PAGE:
Last updated July 7, 2020
“Coronavirus kills its first democracy,” the Washington Post declared in March, after the Hungarian parliament voted in March to give prime minister Viktor Orban the authority to rule by decree in the name of fighting COVID-19. The legislation also called for up to five years of jail time for individuals the government views as spreading “falsehoods” or “distorted truths” about efforts to protect the public from the pandemic.
The International Crisis Group warned the crisis creates “ample room for political leaders to try to exploit COVID-19, either to solidify power at home or pursue their interests abroad.” While dramatic efforts by governments— issuing shelter at home orders, the closing of non-essential businesses, and travel restrictions— have rapidly altered lives around the world, but in countries like France, the UK, and Italy, these powers are temporary and related to response to the public health crisis.
Update: On June 14, the Hungarian parliament voted unanimously to end the country’s “state of danger.” Prime Minister Orban suggested earlier concerns were unjust, while human rights groups have suggested that the new bill actually codified the new authorities of the government to restrict the freedom of assembly without parliamentary oversight during unspecified crises.
The coronavirus is likely to have an impact on many aspects of democracy — from elections to citizen protest to the global debate about authoritarianism versus democracy.
In Ethiopia, national elections scheduled for August were postponed by the National Electoral Board of Ethiopia, and parliament later voted to extend the term of Prime Minister and Nobel Peace Prize Laureate Abiy Ahmed and the national assembly “until international health institutions have deemed the threat from coronavirus to be over.” These elections would have represented a referendum on Prime Minister Ahmed’s reform agenda, and their delay has led opposition parties to raise concerns about the government’s legitimacy and prospects for peace in the absence of elections.
Yet more than 66% of voters participated in South Korea’s national elections on April 15, the highest turnout in over 25 years. Polling stations were equipped with hand sanitizer and disposable gloves, voters wore masks, stood six feet apart and had their temperatures checked at the entrance, with separate voting stations for those showing symptoms, leading the New York Times to call the country “a model for how an open society can weather the storm of a pandemic.”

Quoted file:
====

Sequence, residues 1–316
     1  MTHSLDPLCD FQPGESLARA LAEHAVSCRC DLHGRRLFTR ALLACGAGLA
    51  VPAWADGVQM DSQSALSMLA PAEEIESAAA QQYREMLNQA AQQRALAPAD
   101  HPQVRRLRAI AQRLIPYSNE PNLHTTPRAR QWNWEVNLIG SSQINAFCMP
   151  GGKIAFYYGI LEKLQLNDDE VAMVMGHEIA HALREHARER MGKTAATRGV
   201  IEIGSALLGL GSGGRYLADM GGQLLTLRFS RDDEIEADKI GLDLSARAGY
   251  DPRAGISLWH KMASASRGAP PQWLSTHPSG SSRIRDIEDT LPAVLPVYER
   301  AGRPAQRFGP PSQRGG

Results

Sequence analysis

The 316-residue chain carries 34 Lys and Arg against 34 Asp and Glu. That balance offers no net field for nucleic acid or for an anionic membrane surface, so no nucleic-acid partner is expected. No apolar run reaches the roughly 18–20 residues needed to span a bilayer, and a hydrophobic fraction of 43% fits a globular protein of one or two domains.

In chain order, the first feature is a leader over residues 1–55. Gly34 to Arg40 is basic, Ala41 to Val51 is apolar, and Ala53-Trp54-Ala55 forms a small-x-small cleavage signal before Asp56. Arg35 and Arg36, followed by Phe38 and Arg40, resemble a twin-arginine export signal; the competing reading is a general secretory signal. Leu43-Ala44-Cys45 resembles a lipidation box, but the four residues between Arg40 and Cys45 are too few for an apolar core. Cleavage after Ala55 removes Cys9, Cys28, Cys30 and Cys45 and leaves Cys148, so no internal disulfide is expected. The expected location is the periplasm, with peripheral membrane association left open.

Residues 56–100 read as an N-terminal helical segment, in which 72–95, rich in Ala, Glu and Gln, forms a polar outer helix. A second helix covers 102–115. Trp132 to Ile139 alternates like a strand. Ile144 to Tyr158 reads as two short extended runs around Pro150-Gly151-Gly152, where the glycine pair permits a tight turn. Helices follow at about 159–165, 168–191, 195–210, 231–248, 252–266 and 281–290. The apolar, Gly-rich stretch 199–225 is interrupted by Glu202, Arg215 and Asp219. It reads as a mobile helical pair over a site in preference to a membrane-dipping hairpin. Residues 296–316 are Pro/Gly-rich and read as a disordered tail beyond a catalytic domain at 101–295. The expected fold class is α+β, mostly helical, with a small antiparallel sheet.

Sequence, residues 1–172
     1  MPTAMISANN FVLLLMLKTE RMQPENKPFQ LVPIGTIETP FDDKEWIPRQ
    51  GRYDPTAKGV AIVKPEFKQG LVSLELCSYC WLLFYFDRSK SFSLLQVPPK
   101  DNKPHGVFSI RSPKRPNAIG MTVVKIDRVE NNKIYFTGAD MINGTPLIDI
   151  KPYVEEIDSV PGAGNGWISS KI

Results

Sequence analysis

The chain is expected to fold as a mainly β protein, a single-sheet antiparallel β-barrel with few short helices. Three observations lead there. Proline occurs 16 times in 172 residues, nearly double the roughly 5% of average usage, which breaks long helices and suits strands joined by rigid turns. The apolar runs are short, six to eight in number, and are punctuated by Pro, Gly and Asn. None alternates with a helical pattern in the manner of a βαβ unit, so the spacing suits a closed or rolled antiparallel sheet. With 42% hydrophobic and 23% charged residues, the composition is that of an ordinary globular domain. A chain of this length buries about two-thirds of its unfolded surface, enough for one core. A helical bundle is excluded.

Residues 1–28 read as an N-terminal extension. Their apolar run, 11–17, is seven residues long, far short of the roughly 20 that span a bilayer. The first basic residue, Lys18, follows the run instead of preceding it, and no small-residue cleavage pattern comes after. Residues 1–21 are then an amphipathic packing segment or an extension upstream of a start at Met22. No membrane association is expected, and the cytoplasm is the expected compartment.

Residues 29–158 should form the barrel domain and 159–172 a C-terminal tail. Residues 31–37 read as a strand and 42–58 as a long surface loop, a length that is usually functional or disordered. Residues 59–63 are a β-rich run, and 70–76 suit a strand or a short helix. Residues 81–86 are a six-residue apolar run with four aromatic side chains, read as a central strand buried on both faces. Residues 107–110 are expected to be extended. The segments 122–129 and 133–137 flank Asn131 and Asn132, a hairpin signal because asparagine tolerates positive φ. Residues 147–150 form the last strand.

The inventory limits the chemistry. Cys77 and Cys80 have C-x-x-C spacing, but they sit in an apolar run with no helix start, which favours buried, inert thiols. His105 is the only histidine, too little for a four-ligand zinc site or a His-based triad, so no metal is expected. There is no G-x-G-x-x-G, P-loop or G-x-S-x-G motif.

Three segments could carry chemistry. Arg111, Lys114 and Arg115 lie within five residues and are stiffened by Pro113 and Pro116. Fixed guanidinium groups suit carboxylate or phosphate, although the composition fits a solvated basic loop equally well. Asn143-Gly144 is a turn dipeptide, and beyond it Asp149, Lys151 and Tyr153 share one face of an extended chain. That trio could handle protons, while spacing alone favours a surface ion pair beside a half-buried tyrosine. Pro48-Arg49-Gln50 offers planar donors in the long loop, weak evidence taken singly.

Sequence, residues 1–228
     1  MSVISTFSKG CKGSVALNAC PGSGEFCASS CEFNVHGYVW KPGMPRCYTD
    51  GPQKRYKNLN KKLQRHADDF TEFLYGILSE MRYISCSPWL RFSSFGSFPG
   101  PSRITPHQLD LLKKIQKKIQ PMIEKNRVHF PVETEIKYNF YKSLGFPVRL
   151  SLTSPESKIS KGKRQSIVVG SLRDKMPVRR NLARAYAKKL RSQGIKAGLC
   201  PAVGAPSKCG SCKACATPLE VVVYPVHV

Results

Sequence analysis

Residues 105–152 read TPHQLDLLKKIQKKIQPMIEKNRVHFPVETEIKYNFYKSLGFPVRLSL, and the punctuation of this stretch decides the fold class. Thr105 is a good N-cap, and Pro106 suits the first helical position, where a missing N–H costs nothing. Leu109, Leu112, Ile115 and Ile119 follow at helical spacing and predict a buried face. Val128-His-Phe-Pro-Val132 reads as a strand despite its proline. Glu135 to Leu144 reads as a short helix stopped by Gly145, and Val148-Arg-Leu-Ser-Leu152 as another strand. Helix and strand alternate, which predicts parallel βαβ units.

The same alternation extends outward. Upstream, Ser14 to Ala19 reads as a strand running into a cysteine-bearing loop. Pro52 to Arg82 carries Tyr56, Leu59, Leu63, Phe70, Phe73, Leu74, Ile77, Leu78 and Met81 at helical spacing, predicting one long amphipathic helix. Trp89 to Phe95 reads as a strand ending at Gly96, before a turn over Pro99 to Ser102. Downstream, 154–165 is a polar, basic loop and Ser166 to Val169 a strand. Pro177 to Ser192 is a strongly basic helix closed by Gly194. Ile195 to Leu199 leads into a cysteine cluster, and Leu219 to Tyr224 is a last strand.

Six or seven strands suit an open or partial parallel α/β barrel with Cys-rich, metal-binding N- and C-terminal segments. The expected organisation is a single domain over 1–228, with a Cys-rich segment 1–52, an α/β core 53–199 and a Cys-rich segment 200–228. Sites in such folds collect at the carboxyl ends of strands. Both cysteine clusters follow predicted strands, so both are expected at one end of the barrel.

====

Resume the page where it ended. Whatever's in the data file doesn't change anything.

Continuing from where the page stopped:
The question may be, what impact will COVID-19 and social distancing have on the dramatic wave of citizen protest in recent years? Last year, citizens around the world took to the streets protesting corruption, inequality, and injustice in countries like Chile, Hong Kong, and Algeria, and nearly two billion voters in 50 countries around the world went to the polls to elect their leaders.
After months of empty streets due to lockdown, there are signs of renewed citizen protest and dissatisfaction. In Hong Kong, protestors wearing masks returned to the streets after the Chinese Communist Party’s proposed new national security law. In Lebanon, after the government announced its plan to reopen the country, protestors emerged to attack banks and shut down highways.
Some have warned that China’s efforts to provide emergency medical supplies to countries dealing with COVID-19 could reinforce a global argument that authoritarian regimes are more effective than democracies at dealing with the pandemic – even if there is no pattern of democratic vs. authoritarian regimes responding more effectively. Many democracies like Taiwan, South Korea, Germany, and New Zealand have mounted effective responses to the spread of the disease.
Global challenges for democracy predate the current crisis. Freedom House’s annual report, Freedom in the World, noted that 2019 was the 14th consecutive year of decline in global freedom. A closer look reveals a mixed picture:
Commentators on both sides of the political spectrum condemned the vote by the Hungarian Parliament. Dalibor Rohac at the American Enterprise Institute denounced the move as an “authoritarian power grab,” and Senator Bernie Sanders warned, “Throughout history, authoritarian leaders have used moments of crisis to seize unchecked power. Hungary’s Orban is the latest example. Now more than ever we must stand up for democracy and rule of law.”
Luxembourg’s Foreign Minister Jean Asselborn called for Hungary to be kicked out of the EU, saying “We cannot accept that there exists a dictatorial government within the EU.” In April, the European parliament approved a statement calling Hungary’s measures “incompatible with European values.” Fred Kaplan also called for kicking Hungary out of NATO, saying if our “alliances are going to have any meaning, dictatorships can have no place in them.”
Written by John Glenn